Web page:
Another key component to medicalization and direct-to-consumer advertising, according to Conrad and Leiter (2004), is that information about off-label uses of drugs can be shared with both doctors and patients.
Enbrel was approved to treat RA in 1998, Juvenile Arthritis in 1999, Psoriatic Arthritis in 2002, Ankylosing Spondylitis in 2003, and Plaque Psoriasis in 2004.
Humira was originally discovered to treat RA in 2003, but was then also approved for Psoriatic Arthritis in 2005, and Crohn’s Disease in 2007. It has also been proven effective in Ankylosing Spondylitis, Ulcertive Colitis, and Juvenile Arthritis.
As we can see, the uses of these drugs have been expanding over time. This is not to say that this is a bad thing, it’s just that we have to question if the payoff is more for the patients or more for the pharmaceutical companies.
A key form of medicalization seen with these drugs is that they are advertised to be prescribed in combination with other drugs, such as Plaquenil and Methotrexate (i.e. Simponi).
And it’s not just the pharmaceutical companies that have a stake in winning the drug wars. It gets worse. It has become clear to me that my insurance company has sold my information. I am being flooded lately with mail about Benlysta. Mail that tells me there were be a nurse educator in my area.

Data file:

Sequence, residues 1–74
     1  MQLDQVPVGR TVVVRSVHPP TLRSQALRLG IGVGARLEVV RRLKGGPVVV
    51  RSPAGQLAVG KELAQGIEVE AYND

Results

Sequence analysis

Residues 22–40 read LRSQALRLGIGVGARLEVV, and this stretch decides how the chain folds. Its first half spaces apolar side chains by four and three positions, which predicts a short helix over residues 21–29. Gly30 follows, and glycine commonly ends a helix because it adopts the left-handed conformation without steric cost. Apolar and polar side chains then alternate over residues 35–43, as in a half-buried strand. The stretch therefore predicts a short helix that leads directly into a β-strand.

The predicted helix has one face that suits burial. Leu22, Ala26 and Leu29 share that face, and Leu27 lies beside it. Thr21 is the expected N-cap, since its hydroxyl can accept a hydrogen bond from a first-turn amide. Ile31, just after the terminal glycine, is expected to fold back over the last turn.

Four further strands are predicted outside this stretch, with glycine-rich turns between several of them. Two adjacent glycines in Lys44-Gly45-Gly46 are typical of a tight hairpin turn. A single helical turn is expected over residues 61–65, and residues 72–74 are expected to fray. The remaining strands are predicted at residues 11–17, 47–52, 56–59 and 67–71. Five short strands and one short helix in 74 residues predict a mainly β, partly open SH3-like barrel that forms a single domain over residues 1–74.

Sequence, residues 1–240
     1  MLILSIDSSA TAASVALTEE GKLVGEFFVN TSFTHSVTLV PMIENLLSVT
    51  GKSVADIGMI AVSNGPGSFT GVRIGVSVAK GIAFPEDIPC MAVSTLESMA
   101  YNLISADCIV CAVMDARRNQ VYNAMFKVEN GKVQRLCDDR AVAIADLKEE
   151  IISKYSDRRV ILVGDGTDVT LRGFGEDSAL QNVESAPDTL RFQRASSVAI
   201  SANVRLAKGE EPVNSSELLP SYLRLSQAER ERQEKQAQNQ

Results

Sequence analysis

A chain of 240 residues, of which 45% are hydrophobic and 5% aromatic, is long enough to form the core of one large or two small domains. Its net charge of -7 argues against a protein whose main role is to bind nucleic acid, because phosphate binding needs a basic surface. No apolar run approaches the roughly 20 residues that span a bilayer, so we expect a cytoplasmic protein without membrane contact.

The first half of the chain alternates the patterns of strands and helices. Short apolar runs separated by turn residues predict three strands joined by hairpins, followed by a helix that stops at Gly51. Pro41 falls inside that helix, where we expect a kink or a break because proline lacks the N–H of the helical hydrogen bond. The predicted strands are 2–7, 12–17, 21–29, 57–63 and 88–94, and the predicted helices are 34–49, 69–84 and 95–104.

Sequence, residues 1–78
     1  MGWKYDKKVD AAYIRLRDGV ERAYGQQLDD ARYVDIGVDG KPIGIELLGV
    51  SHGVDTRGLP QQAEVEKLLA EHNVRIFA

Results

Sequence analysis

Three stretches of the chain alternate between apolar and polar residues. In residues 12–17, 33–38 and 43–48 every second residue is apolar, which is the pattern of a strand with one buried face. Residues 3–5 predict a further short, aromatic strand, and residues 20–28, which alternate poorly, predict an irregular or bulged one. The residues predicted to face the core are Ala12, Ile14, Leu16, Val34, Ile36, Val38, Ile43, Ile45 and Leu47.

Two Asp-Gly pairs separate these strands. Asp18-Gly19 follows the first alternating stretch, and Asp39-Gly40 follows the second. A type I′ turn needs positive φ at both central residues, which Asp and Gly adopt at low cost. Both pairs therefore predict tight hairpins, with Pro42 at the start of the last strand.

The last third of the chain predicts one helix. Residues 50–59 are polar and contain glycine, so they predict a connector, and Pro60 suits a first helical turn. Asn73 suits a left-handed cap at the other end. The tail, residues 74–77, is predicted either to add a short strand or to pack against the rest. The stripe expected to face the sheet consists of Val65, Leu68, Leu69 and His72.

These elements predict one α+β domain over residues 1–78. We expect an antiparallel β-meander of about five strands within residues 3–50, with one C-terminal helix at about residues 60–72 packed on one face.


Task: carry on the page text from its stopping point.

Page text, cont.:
It has all become a bit too big brother for me.
But the interesting thing is that Humira, Enbrel, and Orencia, another biologic for RA, are being plastered all over our TV screens. This is puzzling to me. While it is easy to imagine people thinking they may have Restless Leg Syndrome, it’s less believable to me that people are running in droves to their doctors’ offices, thinking that they may have RA.
Fibromyalgia is another story, because if you watch those commercials, it seems that anyone could have it with the symptoms they discuss.
So where does it end? Where does patient expertise begin and end? And for that matter, where does the expertise of medical professionals begin and end?
These days, there is a fine line between the two, and there are inherent tensions. Sure, some doctors are prescription hogs. They will prescribe anything to anyone. But how do these commercials play into that?
And are they making our society hyperaware? Are we all just one commercial away from becoming flaming hypochondriacs?
On the one hand, these commercials give patients more agency in their health management. But on the other, these medications are extremely expensive and come with a litany of side-effects, some still unknown.
This is a bit of a chicken and an egg thing. Which came first? The medication or the disease? In the case of RA, RA definitely came first. But for some of the other ailments that are treated b RA, one has to wonder.